Child Abuse Reports Increase; Washington Case Workers Face Down 'Crisis'

Dec 5, 2014

The agency that oversees child welfare in Washington wants to hire nearly 100 more child protection workers.

But the budget request comes after years of lawsuits that cost the state more than $150 million. Now the question is whether Washington’s Department of Social and Health Services has taken adequate steps to learn from child welfare cases that went awry.

Part of the problem is fresh reports of child abuse and neglect keep pouring in – up 10,000 over the last two years.

'It Truly Is A Crisis'

“No person can do a good job investigating a CPS complaint fully when they have that much new work coming at them,” said Jennifer Strus, head of the DSHS division that oversees CPS. She requested 93 more CPS positions in the next two-year budget.

But Strus knows lawmakers will have a lot of competing needs to pay for.

“I also think we would be remiss not to do that considering we get vilified in the press all the time about not doing this or not doing that and a huge reason for that in these times is lack of staff, lack of resources,” she said.

State Representative Ruth Kagi agreed.

“It truly is a crisis,” she said.

Kagi is a Democrat who chairs the House Human Services Committee. She supports the request for more CPS workers, but acknowledged that quickly swelling the ranks comes with risk.

“You’re always going to have mistakes, especially when you have a lot of brand new caseworkers coming through,” Kagi said.

Costly Mistakes

DSHS has a long record of costly mistakes. Recently, Washington paid nearly $10 million to five children who suffered years of abuse and even starvation despite dozens of complaints to CPS. Seattle attorney David Moody represented those children. He’s made a career suing DSHS for negligence.

“Usually there’s a constellation of warnings that are ignored by a variety of people over a long period of time,” Moody said.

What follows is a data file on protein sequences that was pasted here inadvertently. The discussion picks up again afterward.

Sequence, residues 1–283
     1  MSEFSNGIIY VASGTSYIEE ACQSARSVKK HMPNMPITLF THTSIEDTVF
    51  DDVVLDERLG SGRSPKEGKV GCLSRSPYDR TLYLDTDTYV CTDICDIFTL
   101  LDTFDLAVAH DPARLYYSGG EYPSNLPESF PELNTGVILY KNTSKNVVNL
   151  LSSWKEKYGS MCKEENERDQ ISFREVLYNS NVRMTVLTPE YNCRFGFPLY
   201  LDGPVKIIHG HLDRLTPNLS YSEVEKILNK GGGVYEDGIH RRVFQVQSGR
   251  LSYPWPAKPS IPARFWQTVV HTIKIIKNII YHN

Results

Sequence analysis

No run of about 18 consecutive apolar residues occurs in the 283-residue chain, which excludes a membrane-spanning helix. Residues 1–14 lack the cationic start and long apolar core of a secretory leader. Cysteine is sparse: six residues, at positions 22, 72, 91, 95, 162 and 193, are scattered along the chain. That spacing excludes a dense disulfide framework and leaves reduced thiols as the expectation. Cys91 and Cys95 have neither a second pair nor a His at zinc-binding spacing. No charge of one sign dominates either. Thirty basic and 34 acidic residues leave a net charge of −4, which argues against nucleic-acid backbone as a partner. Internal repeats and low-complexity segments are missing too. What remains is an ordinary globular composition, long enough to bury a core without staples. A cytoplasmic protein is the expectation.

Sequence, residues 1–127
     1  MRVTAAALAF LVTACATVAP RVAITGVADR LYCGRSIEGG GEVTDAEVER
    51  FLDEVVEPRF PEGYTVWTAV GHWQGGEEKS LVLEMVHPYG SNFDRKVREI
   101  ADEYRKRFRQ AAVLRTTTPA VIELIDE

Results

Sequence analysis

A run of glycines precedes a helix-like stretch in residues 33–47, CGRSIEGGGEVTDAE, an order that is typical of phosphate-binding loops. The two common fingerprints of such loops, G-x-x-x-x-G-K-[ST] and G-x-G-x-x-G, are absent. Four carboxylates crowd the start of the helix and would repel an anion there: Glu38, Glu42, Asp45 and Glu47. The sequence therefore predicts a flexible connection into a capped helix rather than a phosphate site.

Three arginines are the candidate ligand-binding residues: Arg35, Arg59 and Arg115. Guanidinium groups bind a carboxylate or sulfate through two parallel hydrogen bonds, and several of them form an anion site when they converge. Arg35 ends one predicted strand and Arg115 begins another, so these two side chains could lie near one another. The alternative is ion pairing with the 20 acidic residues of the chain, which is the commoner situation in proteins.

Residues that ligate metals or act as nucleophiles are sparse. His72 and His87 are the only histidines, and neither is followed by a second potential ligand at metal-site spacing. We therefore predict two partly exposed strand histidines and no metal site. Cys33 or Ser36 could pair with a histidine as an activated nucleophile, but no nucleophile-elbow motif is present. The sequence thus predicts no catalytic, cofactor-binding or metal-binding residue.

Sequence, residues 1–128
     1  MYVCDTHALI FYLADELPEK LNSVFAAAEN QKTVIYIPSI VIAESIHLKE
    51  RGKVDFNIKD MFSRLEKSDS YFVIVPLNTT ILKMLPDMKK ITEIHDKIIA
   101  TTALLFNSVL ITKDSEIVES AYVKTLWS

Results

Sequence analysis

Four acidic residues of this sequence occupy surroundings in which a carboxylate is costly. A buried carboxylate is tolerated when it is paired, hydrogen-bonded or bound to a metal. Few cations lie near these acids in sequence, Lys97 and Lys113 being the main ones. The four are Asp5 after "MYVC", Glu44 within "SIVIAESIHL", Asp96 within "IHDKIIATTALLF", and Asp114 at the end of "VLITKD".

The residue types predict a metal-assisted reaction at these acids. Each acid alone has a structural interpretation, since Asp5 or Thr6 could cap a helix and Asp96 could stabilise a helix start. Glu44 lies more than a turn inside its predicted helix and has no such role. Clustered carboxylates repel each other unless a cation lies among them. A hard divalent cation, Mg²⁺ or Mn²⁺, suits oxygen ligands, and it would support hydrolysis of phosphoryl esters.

A 2010 study identified errors that were common among DSHS cases that resulted in lawsuits. The report also revealed a major gap: The agency didn’t have a system in place to ensure that lessons learned reached all frontline staff.

DSHS said it continues to “address areas of practice that need improvement.” And it’s gotten outside help to better train its workers. Even so, state Senator Steve O’Ban of Pierce County, is not convinced the agency has overcome its systemic and cultural deficiencies.

“My level of confidence is not high,” he said.

O’Ban is a Republican who chairs the Senate Human Services Committee. He said he won’t pre-judge the request for more staff. But, he added, “There are some major problems there that need to be fixed and throwing more money at it is probably not the fundamental issue.”

Emotional, Pressure-Filled Job

In Shelton, Washington, caseworker Xyzlora Brownell pulled up in front of a rundown mobile home where a single dad is raising an infant with a serious physical disability.

No one was home, and there was a softball-sized hole in the front window of the trailer letting in cold air. Brownell said they’re trying to get the dad and the baby moved somewhere more habitable.

“This is not a great situation for him to be with a newborn,” she said.

As she drove through rural Mason County, Brownell shared her story.

“It scared me originally to think about doing this,” Brownell said.

She recalled when she was an intern tagging along with a CPS investigator who had to locate a family living in the woods.

“We were just tromping through kind of this forestry area, and I was like, ‘So I would be out here by myself doing this?’ And he was like, ‘Yeah.’”

Brownell made up her mind right then. “I was like, ‘wow I can’t do this,’” she said.

But when she graduated in social work it was the job available. Now, Brownell said she can’t imagine doing anything else. The job though takes a toll -- emotionally.

“I had a baby that was in Harborview that almost died because of the abuse,” Brownell said.

She said in this job there’s always pressure. Pressure to make the right decision: keep a family together or remove a child. Pressure to respond to new cases quickly. Pressure to close cases out.

“You know I have several cases that are over 90 days and so every month I have to account as to why those cases remain open,” Brownell explained.

Brownell has 17 open cases. DSHS said a quarter of its caseworkers are juggling more than 25 cases at a time. The national standard is 15.

Her next stop was an unannounced visit on a family that’s the subject of a new complaint. When Brownell arrived, she approached the stepmom on the porch.

“We got a new referral, and so there’s a new investigation that’s opened,” Brownell said.

She received a profanity-laced earful from the stepmom. She listened, took notes and asked questions. Then it was time to go.

Brownell’s investigation is just beginning. She has 30 days to determine if there’s a safety threat to the children.

For Brownell, the hardest part of her job is deciding to remove a child – the first time she did it literally left her shaking.